Abstract from this paper from Nature
Multiple lines of genetic and archaeological evidence suggest that there were major demographic changes in the terminal Late Pleistocene epoch and early Holocene epoch of sub-Saharan Africa1–4. Inferences about this period are challenging to make because demographic shifts in the past 5,000 years have obscured the structures of more ancient populations3,5. Here we present genome-wide ancient DNA data for six individuals from eastern and south-central Africa spanning the past approximately 18,000 years (doubling the time depth of sub-Saharan African ancient DNA), increase the data quality for 15 previously published ancient individuals and analyse these alongside data from 13 other published ancient individuals. The ancestry of the individuals in our study area can be modelled as a geographically structured mixture of three highly divergent source populations, probably reflecting Pleistocene interactions around 80–20 thousand years ago, including deeply diverged eastern and southern African lineages, plus a previously unappreciated ubiquitous distribution of ancestry that occurs in highest proportion today in central African rainforest hunter-gatherers. Once established, this structure remained highly stable, with limited long-range gene flow. These results provide a new line of genetic evidence in support of hypotheses that have emerged from archaeological analyses but remain contested, suggesting increasing regionalization at the end of the Pleistocene epoch.
Ancient DNA dating to between 16,000–18,000 years ago—the oldest human DNA to be extracted in Africa so far—reveals that populations of hunter-gatherers mixed and mingled 50,000 to 20,000 years ago, moving long distances across the continent. This supports the idea that demographic changes played a role in the transition from the Middle to the Later Stone Age, a time when new types of tools emerged and information was exchanged over long distances, a study published today (February 23) in Nature reports.
The study presents genome-wide data from three individuals living in the Late Pleistocene, the period between 120,000 and 12,000 years ago. The researchers also analyzed the genomes of three people who lived in the Holocene, the period that began about 12,000 years ago
The researchers looked at the ancestry of the six newly sequenced individuals and 28 other individuals who had lived between 8,000 and 400 years ago in various parts of sub-Saharan Africa and whose genetic data had previously been published. Surprisingly, all 34 individuals were descended from the same three genetic lineages from eastern, southern, and central Africa. “The fact that all of these individuals are descended from the same three lines suggests that in the past, we had this big period of mixing and moving,” explains Sawchuk. “It was a tens of thousands of years process that involved many, many people moving over many, many generations—it was a transformation in the way that hunter-gatherers were living in Africa.”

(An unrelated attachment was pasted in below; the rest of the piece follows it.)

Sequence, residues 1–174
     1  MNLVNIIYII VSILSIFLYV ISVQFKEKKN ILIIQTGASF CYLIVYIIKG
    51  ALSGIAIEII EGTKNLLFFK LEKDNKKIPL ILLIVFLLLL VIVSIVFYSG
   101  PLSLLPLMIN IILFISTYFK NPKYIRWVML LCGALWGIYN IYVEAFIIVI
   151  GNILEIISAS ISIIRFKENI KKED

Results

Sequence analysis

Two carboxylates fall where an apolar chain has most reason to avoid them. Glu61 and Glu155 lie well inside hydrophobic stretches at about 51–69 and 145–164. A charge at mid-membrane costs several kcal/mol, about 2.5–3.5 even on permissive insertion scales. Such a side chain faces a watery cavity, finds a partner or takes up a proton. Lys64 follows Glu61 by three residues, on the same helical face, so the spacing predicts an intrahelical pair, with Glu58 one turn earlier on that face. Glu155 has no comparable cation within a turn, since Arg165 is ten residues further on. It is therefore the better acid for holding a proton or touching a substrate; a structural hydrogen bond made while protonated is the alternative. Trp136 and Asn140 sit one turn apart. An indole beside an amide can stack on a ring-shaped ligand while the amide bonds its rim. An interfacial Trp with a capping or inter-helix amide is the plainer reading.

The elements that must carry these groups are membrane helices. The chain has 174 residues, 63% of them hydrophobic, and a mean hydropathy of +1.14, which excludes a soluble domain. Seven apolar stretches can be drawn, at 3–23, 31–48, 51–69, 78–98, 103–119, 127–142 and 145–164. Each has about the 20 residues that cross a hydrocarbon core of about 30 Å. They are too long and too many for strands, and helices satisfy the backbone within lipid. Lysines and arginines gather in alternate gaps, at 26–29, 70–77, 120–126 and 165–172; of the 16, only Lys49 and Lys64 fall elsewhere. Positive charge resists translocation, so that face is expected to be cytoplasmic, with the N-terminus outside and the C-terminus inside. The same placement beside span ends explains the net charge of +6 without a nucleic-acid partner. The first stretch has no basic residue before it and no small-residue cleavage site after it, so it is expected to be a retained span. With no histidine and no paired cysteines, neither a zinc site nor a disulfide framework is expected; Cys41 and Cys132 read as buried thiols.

Based on the genetics, the authors conclude that “this wasn’t just things moving, this was people moving long distances, taking eastern African ancestry all the way to the tip of South Africa, southern African ancestry to Ethiopia, and then central African ancestry throughout,” Sawchuk says. The only way this can be explained, she adds, is that people were moving long distances and finding partners far away from their birthplaces, creating what she calls “globalization,” and changing the genetic landscape. “We would have never seen this without DNA.”
From the Blog’s POV:
This study illuminates the social structure of a previously unknown period from 80 to 20 thousand years ago. during that time their was diffuse interbreeding across the entire continent of Africa, and (from other sources) there is little (although not none) evidence of group violence during that time. So populations peacefully and actively interacted continent-wide during this period. By 20,000 years ago, populations became more regionalized, but still covered very large areas.
This dovetails with evidence presented in The Dawn of Everything that preceding the dynasties of Mesopotamia, Egypt, and in America, the Aztecs and Incas, all of which are characterized by monumental architecture, human sacrifice, and chronic war, there existed large settlements which interbred over wide-ranging areas, without evidence of hierarchy, with far-ranging intercourse and little evidence for war or violence. People could leave an abusive situation and expect hospitality over the entire far-flung settlement throughout which all considered themselves one people. These settlements were peaceful until, on the geographic fringes, charismatic politicians seized control of populations by intimidation via regular public killing of their retinue, which, in dynastic cultures became ritualized..